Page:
Decoded text appears in the large box below the graphical area and is also written to a cumulative output file, ALL.TXT. The program’s best estimate of DF, a detected signal’s frequency offset, is included on each text line. The accuracy of these estimates depends on the mode: approximately ±7 Hz for JTMS signals, ±25 Hz for FSK441, ±20 Hz for ISCAT and JT6M, and ±3 Hz for JT65. Within these tolerances (and subject to the stability of oscillators and the propagation path) you should see consistent numbers in the DF column during any QSO that produces usable signals.

Double-clicking on a callsign in either one of the decoded text windows will cause that callsign to be copied into the To radio box. The corresponding Grid locator will be looked up in the database and the callsign inserted in Tx message boxes #1 and #2. If the decoded text line includes CQ before the selected callsign, message #1 will be selected for your next transmission. Otherwise, #2 will be selected. If Double-click on callsign sets TxFirst was checked on the Setup menu, the status of Tx First is set according to the time-stamp on the decoded message.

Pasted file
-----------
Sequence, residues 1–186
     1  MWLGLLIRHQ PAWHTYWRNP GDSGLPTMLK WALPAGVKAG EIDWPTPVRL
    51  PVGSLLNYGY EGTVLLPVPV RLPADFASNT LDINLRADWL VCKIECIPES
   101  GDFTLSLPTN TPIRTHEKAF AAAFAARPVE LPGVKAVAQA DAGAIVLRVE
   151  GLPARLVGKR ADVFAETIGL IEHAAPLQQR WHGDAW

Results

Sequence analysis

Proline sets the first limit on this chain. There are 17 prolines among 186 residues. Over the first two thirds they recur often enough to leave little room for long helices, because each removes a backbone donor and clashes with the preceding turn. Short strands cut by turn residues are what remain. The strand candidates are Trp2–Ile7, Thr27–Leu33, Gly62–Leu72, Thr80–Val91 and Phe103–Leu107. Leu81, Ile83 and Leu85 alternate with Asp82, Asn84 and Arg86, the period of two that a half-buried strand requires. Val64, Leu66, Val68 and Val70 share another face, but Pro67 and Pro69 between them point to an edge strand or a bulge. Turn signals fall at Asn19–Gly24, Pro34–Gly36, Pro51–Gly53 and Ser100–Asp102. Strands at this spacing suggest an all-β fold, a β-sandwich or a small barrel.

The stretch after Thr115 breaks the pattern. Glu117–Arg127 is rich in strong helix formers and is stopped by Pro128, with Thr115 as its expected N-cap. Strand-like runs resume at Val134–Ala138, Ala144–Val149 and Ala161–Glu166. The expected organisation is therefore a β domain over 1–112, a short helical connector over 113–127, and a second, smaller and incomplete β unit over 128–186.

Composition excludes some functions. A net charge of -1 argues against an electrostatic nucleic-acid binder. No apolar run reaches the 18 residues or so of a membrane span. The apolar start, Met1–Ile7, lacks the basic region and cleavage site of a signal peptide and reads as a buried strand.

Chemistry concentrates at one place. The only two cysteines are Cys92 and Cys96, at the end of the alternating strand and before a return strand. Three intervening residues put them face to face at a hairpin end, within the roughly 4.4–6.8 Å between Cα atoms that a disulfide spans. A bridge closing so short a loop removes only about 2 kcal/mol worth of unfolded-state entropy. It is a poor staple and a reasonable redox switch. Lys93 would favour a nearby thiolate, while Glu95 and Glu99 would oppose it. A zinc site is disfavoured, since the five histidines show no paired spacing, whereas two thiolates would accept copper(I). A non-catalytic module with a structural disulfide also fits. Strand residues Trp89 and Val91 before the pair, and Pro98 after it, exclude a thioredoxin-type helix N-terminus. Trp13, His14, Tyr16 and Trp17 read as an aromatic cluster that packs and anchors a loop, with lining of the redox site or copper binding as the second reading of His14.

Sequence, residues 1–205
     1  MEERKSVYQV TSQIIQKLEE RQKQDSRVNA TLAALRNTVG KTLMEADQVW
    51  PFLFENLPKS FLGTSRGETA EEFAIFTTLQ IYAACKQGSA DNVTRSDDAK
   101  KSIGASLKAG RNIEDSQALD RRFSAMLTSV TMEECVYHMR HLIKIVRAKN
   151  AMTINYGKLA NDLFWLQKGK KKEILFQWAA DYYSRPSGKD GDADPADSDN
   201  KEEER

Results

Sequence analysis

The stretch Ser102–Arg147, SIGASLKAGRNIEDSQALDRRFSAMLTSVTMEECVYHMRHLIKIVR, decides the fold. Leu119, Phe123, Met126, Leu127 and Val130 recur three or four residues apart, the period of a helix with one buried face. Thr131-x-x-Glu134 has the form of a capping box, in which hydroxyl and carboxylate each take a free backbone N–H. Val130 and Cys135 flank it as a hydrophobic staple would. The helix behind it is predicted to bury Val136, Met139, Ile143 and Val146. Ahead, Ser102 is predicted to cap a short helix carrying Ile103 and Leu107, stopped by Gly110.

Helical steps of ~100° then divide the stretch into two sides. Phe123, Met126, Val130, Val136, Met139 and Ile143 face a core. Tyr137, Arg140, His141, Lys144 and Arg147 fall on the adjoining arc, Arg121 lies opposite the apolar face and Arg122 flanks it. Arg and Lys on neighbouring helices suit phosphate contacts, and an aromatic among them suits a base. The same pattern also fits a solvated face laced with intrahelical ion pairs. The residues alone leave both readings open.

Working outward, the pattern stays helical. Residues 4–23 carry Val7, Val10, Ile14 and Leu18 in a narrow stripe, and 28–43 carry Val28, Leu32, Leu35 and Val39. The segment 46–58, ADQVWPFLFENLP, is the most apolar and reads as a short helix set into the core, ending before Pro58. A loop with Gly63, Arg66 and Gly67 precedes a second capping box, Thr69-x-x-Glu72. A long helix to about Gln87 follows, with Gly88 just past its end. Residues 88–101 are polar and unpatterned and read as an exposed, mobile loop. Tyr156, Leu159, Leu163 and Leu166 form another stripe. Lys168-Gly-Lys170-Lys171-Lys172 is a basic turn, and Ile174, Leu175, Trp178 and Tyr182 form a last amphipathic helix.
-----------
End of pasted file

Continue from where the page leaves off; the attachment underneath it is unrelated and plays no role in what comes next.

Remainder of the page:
6.2. Fast Modes

The JTMS, FSK441, ISCAT, and JT6M operating modes use 30-second periods (optionally, 15-second periods) for transmission and reception. When a reception interval is completed the program looks for signal enhancements produced by short-lived reflections from meteor trails, or signal peaks from other types of scatter propagation. Usable “pings” are audible when they occur, and you will see them as spikes on the green line and brighter colors in the scrolling spectrogram. One or more lines of decoded text may result from each ping. By clicking in the graphical area you can force a decoding attempt at a particular spot in a record. You can also make the program decode in real time, just after hearing a signal enhancement, by clicking on the appropriate spot in the SpecJT display.

WSJT attempts to compensate for relative mistuning between transmitting and receiving stations. By default the frequency search range is ±400 Hz. You can reduce the tolerance range by setting the value of Tol to a smaller value. Adjustments to the decoding parameters can be made at any time by right- or left-clicking on the parameter labels. The control labeled S or Sync sets the minimum level for acceptable signals.

In FSK441 mode, if DF lies outside the range ±100 Hz it will help to retune your receiver to compensate. Do this with your transceiver’s RIT control, or by using split Rx/Tx VFOs. In the JTMS, ISCAT, and JT6M modes you can accomplish the same effect by checking Freeze and using the keyboard right/left arrows to move Freeze DF (as displayed in the bottom-of-screen status bar) to the desired value. In general you should not change your transmitting frequency during a QSO, since your partner will be trying to tune you in at the same time.